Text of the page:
A significant breakthrough from an international team of scientists, under the University of Bristol’s guidance, might have just discovered what makes SARS-CoV-2 so intensely infectious and able to spread so fast among cells.
The team published the discovery in Science a few days ago. The article describes how the virus’s capacity to infect human cells can be decreased by inhibitors that block a recently discovered interaction between viruses and hosts, a potential basis for anti-viral treatment.
Compared to other coronaviruses responsible for common colds and mild respiratory symptoms, SARS-CoV-2 is extremely transmissive. Many scientists are still trying to figure out why SARS-CoV-2 rapidly infects organs outside of the respiratory system, like the brain and heart.
The study used various approaches to discover that SARS-CoV-2 Recognises a protein known as neuropilin-1 on human cells’ surface to support viral infection.
Dr. Yohei Yamauchi, Dr. Boris Simonetti, and Professor Peter Cullen, the principal authors of the study, stated:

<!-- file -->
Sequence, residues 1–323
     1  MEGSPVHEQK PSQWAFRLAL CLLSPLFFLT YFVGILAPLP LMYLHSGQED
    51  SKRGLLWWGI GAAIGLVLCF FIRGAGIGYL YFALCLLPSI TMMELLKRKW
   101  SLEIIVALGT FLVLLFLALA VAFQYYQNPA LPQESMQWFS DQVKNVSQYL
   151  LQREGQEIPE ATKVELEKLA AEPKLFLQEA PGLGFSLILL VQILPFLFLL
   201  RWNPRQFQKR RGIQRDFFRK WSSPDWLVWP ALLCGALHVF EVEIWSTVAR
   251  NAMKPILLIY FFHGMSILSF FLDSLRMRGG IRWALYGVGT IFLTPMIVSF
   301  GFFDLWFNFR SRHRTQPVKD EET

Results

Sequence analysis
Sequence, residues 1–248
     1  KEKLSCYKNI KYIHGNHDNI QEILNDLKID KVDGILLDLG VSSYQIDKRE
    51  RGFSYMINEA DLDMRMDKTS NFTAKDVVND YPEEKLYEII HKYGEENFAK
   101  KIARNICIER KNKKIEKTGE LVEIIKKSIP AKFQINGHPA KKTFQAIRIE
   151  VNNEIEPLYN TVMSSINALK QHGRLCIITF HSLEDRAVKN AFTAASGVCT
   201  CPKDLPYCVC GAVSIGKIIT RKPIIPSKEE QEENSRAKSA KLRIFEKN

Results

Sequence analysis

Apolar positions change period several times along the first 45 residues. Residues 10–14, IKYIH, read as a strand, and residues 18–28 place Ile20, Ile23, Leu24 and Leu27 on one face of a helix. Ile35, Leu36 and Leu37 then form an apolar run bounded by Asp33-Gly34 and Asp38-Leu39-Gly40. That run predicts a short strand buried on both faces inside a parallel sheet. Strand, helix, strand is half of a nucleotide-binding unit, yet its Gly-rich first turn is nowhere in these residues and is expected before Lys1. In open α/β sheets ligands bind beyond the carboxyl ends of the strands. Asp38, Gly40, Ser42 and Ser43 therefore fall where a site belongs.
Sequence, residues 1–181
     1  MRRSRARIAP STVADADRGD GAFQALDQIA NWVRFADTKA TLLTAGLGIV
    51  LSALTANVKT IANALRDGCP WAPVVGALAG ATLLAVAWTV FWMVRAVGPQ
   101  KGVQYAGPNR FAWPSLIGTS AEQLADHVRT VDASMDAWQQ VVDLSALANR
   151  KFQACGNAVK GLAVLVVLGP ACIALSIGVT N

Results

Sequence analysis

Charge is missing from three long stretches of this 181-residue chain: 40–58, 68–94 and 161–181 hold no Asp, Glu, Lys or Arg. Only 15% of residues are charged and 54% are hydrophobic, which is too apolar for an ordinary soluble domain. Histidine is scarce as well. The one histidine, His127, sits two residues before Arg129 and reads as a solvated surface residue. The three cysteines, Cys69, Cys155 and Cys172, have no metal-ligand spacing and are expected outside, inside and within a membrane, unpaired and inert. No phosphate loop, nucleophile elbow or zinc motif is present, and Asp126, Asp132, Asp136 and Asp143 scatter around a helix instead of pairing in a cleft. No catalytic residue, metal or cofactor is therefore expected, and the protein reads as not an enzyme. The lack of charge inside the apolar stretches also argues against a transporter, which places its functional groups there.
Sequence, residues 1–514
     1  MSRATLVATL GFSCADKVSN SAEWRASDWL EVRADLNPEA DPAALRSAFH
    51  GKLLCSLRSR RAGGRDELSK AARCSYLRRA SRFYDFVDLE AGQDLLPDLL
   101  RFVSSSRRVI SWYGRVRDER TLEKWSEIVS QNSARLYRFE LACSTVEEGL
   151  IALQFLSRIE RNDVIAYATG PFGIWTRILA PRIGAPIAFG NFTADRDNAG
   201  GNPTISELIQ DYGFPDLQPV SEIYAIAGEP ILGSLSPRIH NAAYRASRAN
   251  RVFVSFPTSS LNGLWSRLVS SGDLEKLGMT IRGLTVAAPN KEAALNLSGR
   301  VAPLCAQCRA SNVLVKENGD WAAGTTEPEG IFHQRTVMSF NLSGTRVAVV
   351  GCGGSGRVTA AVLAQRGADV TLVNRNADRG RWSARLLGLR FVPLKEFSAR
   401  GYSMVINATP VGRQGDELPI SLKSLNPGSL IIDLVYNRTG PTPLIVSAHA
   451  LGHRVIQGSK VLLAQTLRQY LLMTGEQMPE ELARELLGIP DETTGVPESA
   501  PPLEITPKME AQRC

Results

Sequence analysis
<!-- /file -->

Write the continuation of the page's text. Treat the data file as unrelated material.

“Could the Spike protein of SARS-CoV-2 associate with neuropilin-1 to aid viral infection of human cells? Excitingly, in applying a range of structural and biochemical approaches, we have been able to establish that the Spike protein of SARS-CoV-2 does indeed bind to neuropilin-1.”
“Once we had established that the Spike protein bound to neuropilin-1, we were able to show that the interaction serves to enhance SARS-CoV-2 invasion of human cells grown in cell culture. Importantly, by using monoclonal antibodies—lab-created proteins that resemble naturally occurring antibodies—or a selective drug that blocks the interaction, we have been able to reduce SARS-CoV-2’s ability to infect human cells,” they added.
Interestingly, scientists from the Technical University of Munich, Germany, and the University of Helsinki, Finland, have also discovered that neuropilin-1 helps SARS-CoV-2 cell entry and infectivity.